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Hoover resident and Pelham police officer Dustin Chandler holds his daughter, Carly, who has been diagnosed with a rare genetic disorder. An all- inclusive playground called Carly’s Clubhouse is being built in Pelham in her name. Photo by Karim Shamsi-Basha.
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Carly Chandler was born with a very rare disorder called CDKL5. Her father is planning Carly’s Clubhouse in her honor. Photo courtesy of Dustin Chandler.
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This rendering shows the plans for Carly’s Clubhouse, a 30,000 square-foot all-inclusive playground in Pelham that will have unique equipment such as zip lines, rocket ships and wheelchair-accessible swings. Image courtesy of Dustin Chandler.
Three-year-old Carly Chandler will never be able to walk, talk or feed herself. But thanks to her father, Dustin Chandler, she will soon enjoy an all-accessible playground where she can play with children of all abilities.
Dustin, a Hoover resident and Pelham police officer, is currently planning and raising funds for an all-inclusive playground called Carly’s Clubhouse. Carly was born with a very rare disorder called CDKL5. There is no cure for CDKL5, and it causes severe developmental delays. After Carly was diagnosed, Dustin met countless parents of children with special needs.
“A common thread with all of us is we want our children to be able to play with their able-bodied siblings or peers,” said Dustin. “After many days trying to find a solution, the idea of Carly’s Clubhouse was born.”
The city of Pelham donated the land for the 30,000-square-foot playground, and Dustin said it will have a variety of fun components such as accessible zip lines, a rocket ship with flashing lights, a wheelchair-accessible merry-go-round, swings and more.
“We should allow our children to learn about each other in a true social setting,” Dustin said. “Carly’s Clubhouse will provide a place for our children to play ‘shoulder-to-shoulder’ and see children from other walks of life. It will allow their parents to meet other parents walking the same path or possibly a different one.”
Dustin is the general coordinator for multiple committees and volunteers that meet every three weeks. This past fall, community meetings were held as a kickoff celebration in Pelham. Dustin has also been traveling to various events promoting the project.
“My hope is that through this whole process people can come together and learn about each other,” said Dustin. “We can learn that children with special needs are no different than ourselves.”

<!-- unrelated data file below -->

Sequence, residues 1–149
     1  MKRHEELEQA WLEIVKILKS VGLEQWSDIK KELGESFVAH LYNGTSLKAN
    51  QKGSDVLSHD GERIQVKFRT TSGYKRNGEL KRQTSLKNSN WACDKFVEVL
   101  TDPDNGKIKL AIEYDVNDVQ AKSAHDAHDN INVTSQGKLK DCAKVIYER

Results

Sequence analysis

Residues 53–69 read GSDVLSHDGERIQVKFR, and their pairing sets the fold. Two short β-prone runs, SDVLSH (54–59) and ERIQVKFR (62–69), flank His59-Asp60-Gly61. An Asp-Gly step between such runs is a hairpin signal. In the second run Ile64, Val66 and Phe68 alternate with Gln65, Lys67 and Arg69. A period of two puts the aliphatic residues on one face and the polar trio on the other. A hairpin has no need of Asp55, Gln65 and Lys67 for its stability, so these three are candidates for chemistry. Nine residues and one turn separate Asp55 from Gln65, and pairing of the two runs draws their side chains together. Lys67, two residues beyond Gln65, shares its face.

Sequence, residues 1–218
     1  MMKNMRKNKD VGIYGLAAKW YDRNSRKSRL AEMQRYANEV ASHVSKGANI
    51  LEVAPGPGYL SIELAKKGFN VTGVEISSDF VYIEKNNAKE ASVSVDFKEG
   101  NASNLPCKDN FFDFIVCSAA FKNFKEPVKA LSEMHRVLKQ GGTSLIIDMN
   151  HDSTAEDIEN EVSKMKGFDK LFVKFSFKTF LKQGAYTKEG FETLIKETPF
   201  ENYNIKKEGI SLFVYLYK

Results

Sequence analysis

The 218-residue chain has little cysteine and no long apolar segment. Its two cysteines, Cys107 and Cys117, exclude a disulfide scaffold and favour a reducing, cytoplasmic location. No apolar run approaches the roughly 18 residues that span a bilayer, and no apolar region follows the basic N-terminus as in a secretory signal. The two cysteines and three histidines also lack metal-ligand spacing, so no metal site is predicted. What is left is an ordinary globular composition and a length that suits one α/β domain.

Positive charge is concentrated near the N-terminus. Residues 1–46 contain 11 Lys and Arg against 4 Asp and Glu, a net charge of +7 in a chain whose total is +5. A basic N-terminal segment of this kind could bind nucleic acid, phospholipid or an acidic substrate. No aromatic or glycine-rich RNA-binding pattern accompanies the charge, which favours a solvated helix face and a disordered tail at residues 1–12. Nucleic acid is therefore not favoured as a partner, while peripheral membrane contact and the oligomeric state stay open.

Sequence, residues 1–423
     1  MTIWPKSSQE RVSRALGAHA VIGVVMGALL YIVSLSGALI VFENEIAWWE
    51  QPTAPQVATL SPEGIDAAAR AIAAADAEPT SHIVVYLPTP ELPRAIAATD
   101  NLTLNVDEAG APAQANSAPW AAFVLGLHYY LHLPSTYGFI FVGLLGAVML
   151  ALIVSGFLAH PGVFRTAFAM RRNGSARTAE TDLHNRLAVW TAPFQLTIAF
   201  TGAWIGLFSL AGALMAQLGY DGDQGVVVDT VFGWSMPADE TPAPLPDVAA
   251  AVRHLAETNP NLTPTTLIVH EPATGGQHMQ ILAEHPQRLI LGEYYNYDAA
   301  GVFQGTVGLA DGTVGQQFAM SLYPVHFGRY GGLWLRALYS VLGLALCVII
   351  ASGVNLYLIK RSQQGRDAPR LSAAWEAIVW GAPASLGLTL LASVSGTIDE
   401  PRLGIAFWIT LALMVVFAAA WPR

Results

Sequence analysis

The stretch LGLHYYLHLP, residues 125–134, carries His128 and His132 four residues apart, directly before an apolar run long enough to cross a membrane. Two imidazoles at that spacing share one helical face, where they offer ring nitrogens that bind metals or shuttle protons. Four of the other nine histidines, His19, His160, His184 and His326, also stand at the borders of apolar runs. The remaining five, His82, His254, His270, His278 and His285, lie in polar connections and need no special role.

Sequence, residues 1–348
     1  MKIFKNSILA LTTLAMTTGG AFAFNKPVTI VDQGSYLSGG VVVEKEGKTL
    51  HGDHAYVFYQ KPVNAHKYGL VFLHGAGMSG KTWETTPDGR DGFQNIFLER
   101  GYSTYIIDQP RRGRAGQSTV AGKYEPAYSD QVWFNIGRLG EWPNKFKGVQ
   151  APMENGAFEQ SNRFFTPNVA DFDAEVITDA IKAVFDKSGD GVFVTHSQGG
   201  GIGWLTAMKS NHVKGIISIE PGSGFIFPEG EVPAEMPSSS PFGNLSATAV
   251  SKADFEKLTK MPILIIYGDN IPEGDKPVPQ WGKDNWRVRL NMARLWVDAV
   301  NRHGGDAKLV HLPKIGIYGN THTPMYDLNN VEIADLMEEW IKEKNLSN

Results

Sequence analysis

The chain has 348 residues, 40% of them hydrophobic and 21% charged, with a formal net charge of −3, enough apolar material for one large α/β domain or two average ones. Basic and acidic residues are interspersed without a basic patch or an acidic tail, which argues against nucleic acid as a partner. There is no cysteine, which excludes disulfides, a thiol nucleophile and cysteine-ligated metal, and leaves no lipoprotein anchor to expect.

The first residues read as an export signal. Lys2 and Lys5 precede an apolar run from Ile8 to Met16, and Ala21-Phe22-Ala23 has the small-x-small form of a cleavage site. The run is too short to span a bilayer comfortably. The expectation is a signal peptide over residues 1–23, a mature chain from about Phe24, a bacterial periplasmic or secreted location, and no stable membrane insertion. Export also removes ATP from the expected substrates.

Kyle Cundy is the project manager of Leathers and Associates, the firm that designed the playground.
“These playgrounds turn into destination playgrounds and service more than just their immediate community,” she said. “Families from surrounding areas will travel in to utilize these play structures.”
Susan Lee is the special needs coordinator for the project and also a special-education teacher at Inverness Elementary School. She became involved with Carly’s Clubhouse for her 6-year-old daughter, Alyssa, who has a genetic disorder called Rett syndrome. Lee said her two brothers have missed out on playing with their little sister.
“We used to frequent the parks around Shelby County on a regular basis,” Lee said. “Several years ago, when Alyssa was about 3 years old, they stopped asking to go to the park. Finally, I asked them, ‘Why?’ Their answer broke my heart. They said it made them sad to go play and see Alyssa just sitting in her wheelchair watching. I am involved with Carly’s Clubhouse so that my children can all play together like typical siblings.”
Although the playground is located in Pelham, Dustin said he hopes it will benefit all of Birmingham.
“I grew up in Hoover and am proud to call it home,” said Dustin. “I really want Hoover to be part of this project.”
Dustin said around $1 million is needed to create the playhouse. If more funds are raised than needed for the project, Dustin plans to use the money to help other areas build their own unique play areas.
Carly also made state history this past spring. In April, Gov. Robert Bentley signed a piece of legislation named after her called Carly’s Law, which authorizes a study that will examine the use of oil derived from medical marijuana to treat seizures. The study will be done by the UAB Department of Neurology and is the first of its kind in Alabama.
The Carly’s Clubhouse project’s next fundraiser is set for January 24 at the Pelham Civic Complex.
For more, visit carlysclubhouse.org.